Western Balkan Nations Told to Work Harder to Join EU
The European Union on Friday told six Western Balkan nations seeking membership that they would have to implement difficult reforms before they can be allowed to join the wealthy bloc, according to Reuters.
Worried about growing Russian and Chinese influence in the Balkans, the EU has launched a new integration campaign, giving Serbia and Montenegro a tentative accession date of 2025.
They say the candidates - which also include Macedonia, Albania, Kosovo and Bosnia - must improve their democratic credentials and root out graft and organized crime.
Germany leads the skeptics’ camp, highlighting continued problems with corruption and the rule of law in countries that have joined the EU since 2004, including Poland, Hungary, Romania and Bulgaria.
“It is important to move forward, but on both sides. We need to be open and we need to ask for a lot of reforms,” said Belgium’s Didier Reynders.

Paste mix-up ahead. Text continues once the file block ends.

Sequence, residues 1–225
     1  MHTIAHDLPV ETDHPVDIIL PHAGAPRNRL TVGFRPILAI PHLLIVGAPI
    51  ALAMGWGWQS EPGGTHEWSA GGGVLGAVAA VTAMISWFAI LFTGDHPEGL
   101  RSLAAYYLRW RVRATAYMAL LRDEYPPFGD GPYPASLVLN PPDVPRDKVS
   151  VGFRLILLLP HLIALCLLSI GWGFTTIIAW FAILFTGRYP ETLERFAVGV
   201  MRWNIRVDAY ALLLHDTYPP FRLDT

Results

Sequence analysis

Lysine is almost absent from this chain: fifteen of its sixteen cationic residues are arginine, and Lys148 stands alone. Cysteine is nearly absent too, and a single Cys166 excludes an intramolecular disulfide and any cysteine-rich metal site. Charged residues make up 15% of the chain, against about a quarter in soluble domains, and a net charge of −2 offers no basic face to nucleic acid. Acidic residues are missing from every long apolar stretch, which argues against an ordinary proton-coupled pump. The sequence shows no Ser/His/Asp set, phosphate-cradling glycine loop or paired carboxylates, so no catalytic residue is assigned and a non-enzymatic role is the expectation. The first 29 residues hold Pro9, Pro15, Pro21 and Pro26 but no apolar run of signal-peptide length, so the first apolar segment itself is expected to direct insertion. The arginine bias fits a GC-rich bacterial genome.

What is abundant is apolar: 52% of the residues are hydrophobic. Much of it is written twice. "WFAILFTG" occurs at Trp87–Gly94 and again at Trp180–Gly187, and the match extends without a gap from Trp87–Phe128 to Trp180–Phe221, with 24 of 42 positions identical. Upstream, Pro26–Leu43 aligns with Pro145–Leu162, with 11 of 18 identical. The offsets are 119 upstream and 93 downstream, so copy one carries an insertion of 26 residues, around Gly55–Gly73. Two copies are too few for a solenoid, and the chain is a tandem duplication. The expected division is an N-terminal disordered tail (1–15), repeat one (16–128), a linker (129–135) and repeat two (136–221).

Regional disputes also hamper the accession process, with Serbia - and some EU member states - refusing to recognize the independence of Kosovo, and Macedonia still locked in a name dispute with its southern neighbor Greece.
Spain, where a standoff between the central government in Madrid and Catalan separatists has intensified in recent months, is among five EU states that do not recognize Kosovo.
Macedonian Foreign Minister Nikola Dimitrov said he hoped recent diplomatic efforts would soon lead to a compromise over his country’s name with Greece, which has been blocking Skopje’s EU bid. Greece says using the name ‘Macedonia’ implies a territorial claim on a northern Greek province of the same name.
His Albanian colleague, Ditmir Bushati, said the region needed EU development money, not only advice on strengthening democracy.
“Rule of law comes first but there is no rule of law without economic development,” he said.
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